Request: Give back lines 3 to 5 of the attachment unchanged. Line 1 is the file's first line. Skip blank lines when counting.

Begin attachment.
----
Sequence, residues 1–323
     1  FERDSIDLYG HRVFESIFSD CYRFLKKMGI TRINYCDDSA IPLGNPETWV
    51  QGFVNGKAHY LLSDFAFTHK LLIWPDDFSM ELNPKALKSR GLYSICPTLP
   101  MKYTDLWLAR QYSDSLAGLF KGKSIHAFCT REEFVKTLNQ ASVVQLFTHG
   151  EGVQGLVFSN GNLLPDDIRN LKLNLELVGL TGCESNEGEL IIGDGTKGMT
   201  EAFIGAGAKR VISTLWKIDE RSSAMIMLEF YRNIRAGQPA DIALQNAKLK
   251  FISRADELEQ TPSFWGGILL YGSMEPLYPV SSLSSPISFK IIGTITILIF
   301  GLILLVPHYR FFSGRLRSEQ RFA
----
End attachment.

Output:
    51  QGFVNGKAHY LLSDFAFTHK LLIWPDDFSM ELNPKALKSR GLYSICPTLP
   101  MKYTDLWLAR QYSDSLAGLF KGKSIHAFCT REEFVKTLNQ ASVVQLFTHG
   151  EGVQGLVFSN GNLLPDDIRN LKLNLELVGL TGCESNEGEL IIGDGTKGMT